Vera described the long journey that took her via Holland and Harwich to Liverpool St Station. Of course the platform there was much dirtier and smellier as trains ran on coal. Eventually Vera was collected by Miss Lee - from Suffolk - who could speak German. Vera told us that she was dropped in Bury St Edmunds - where she was taken in by an English Christian family. They already had a daughter of their own called Betty.

Vera described how kind Betty was as before Vera's arrival Betty used to have 6p a week pocket money. Her mum made her split it with Vera to encourage her to share!

A New Family
It was very hard at first as Vera - aged just 8 - couldn't speak English. Initially she learned how to sign, but as time went by she began to master the language. In the months before the war broke out, Vera told us that she did manage to speak on the phone and have letters from her parents. Desperate to get out, they told her that they were trying: Argentina, Mexico, China. Sadly once war was declared all contact ceased.

Now Vera knew that she would have to live with this new family for much longer than she had thought. It was very hard to live with another family.

"They were very kind, but you don't love them like your own parents. I was worried that I'd been sent away for being bad. I was too young to realise how lucky I was."

At the end of the war I was sitting in class when I heard the announcement that the fighting was over. I jumped with joy. The teacher sent me out of the classroom for making a disturbance, but I didn't care. I thought that it would mean I could go home."

Vera was then worried she had forgotten a lot of her mother tongue - how would she fit in back home?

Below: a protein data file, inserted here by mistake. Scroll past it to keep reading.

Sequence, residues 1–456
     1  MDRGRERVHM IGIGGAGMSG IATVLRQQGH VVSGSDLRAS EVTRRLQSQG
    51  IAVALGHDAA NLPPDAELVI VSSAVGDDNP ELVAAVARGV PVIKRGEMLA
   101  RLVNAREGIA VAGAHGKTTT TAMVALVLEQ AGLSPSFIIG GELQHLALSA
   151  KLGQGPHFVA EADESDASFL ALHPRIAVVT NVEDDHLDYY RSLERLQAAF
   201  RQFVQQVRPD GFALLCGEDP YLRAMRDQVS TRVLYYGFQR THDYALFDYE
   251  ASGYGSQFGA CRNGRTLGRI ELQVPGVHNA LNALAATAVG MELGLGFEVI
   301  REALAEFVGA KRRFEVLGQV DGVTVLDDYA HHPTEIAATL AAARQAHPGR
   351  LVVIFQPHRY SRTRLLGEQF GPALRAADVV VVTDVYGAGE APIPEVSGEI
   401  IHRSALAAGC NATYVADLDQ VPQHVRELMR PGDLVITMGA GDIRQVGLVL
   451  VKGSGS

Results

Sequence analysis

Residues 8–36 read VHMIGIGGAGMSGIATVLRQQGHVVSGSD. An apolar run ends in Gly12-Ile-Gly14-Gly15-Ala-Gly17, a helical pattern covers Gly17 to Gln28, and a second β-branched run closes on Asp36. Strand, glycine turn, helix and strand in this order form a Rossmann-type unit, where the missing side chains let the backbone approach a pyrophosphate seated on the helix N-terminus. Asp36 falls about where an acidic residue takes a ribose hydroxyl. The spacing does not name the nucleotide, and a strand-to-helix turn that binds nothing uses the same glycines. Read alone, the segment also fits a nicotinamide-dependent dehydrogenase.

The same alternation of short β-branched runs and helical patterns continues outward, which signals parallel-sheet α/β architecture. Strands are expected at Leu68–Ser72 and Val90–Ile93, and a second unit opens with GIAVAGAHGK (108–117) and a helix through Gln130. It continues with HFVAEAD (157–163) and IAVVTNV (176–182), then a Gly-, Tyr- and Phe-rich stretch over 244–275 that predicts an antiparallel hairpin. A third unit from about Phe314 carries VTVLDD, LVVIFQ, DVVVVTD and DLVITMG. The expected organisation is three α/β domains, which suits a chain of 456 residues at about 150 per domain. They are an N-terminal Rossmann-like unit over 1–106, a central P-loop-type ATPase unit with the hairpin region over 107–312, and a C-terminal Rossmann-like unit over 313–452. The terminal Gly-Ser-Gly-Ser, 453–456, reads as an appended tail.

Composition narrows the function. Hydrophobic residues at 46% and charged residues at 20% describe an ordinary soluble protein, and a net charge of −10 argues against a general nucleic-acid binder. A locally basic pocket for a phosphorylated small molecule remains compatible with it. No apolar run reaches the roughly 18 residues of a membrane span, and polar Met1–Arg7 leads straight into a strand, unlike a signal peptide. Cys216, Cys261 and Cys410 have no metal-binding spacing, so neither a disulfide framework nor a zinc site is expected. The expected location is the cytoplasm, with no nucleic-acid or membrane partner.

But then the tragic news came from the  Red Cross that all of her family had died. On one of her trips to the cinema, Vera saw for herself the fate that had befallen her parents and friends.

Before the situation had become really bad, her parents had sent their wedding rings to Holland and eventually Vera got them back.

"I still worry about what my parents must have been thinking when they took off their rings and posted them away. Was that the moment when they gave up hope of ever getting away?"

Vera told us how she has been back to her old village and found the apartment where she used to live. Her old Nursery was still there and her home has now been converted into a new block of flats.

One sculpture that is there to make sure we never forget is in Liverpool Street Station. Vera showed us the Kinder sculpture: how it shows the railway they arrived on, and how in the lights are all the towns the children came from.

"Vera seemed so kind and didn't get angry. If someone had done that to my family I don't think I would be so polite." Dylan 

"It must have been so sad to have to wave your family away and then never see them again." Louisa

"I'm not sure that I agree with charging the children for coming to us. How many couldn't afford the £50... it doesn't seem very fair" William

Thank you to Mrs Nicholls for organising the visit with Free The Children. It was one of the most touching and interesting talks that we have had.

No comments:

Post a Comment